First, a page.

Good morning congregation, let’s talk about women’s reproductive rights! Or maybe gun control? How about immigration?
 If a sermon or adult forum on these topics doesn’t elicit some nervousness for you as a pastor or layperson, I bet you can think of several other topics that would be controversial—and likely divisive—in your congregation. Hot button topics that could make some congregants angry and might drive some away. Topics where we each have our own viewpoints that we think are grounded in truth and rooted in love, but which are directly opposed to many of our neighbors’ perspectives.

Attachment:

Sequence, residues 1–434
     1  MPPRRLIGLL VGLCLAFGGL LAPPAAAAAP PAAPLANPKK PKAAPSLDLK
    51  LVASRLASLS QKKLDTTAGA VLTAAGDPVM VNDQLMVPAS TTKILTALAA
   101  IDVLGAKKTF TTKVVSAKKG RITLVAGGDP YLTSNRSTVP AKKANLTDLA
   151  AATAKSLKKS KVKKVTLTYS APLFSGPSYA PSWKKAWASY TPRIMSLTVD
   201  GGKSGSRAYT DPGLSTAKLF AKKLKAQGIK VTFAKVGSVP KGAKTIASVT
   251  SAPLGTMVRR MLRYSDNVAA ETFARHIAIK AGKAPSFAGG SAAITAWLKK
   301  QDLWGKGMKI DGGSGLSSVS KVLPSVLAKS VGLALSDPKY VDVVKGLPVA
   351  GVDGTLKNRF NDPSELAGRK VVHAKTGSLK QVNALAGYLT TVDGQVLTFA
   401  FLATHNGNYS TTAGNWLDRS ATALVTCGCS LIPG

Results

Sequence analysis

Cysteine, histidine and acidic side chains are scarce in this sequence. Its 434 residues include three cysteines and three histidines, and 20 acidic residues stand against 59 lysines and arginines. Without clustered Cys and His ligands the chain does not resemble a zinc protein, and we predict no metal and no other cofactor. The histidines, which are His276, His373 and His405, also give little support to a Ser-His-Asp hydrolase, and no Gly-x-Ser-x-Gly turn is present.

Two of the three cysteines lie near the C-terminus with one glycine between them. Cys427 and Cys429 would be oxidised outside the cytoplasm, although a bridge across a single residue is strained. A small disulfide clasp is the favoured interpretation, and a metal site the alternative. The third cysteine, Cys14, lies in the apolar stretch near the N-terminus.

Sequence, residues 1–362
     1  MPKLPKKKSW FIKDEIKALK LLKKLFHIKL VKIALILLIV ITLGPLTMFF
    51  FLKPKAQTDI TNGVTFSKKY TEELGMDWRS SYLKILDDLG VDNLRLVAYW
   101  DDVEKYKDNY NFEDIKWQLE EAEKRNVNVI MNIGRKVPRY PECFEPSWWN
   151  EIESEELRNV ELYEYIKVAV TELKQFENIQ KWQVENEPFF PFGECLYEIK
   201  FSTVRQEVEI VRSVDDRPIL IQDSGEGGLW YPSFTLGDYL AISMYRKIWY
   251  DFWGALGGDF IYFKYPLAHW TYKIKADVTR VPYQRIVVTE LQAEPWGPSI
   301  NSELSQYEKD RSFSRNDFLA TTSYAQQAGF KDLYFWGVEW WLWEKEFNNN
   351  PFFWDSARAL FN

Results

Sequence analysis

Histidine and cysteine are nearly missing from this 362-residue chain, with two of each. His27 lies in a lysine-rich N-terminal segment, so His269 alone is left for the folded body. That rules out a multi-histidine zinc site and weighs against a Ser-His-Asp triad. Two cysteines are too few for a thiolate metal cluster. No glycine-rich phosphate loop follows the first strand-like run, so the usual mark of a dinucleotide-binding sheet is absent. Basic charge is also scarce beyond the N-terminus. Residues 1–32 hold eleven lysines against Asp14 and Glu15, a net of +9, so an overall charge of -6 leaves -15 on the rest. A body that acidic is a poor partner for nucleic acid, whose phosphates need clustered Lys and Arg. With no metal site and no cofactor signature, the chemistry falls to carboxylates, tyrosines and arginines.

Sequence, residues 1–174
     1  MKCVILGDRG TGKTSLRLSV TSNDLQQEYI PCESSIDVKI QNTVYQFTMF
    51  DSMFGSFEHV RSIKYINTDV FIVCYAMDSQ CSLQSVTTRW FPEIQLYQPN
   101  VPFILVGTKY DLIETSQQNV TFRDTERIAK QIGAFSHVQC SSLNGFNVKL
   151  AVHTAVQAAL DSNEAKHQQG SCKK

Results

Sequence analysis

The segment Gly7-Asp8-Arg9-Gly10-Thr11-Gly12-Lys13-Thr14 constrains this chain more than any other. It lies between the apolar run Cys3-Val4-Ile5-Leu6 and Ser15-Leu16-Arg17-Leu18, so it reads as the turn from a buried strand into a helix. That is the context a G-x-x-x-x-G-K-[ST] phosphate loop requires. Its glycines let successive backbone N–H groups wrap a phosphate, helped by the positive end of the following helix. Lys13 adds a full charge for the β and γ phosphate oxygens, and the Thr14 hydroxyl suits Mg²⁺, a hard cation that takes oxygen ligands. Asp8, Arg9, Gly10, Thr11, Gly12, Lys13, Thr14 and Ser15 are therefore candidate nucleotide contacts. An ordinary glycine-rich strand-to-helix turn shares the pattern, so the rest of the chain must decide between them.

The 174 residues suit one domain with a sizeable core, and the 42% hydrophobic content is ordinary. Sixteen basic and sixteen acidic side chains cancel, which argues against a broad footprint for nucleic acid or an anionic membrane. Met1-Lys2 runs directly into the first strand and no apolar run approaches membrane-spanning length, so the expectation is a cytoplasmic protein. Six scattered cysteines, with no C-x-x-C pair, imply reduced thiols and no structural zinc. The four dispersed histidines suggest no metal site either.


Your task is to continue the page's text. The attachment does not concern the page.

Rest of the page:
In Preaching in the Purple Zone: Ministry in the Red-Blue Divide, Leah D. Schade argues that we, as congregations and congregational leaders, can have grace-filled conversations about the topics that divide us and divide our broader society. At the least, these conversations can help us carefully consider each other’s viewpoints, and at the best, these conversations may even build truth and empathy in our churches.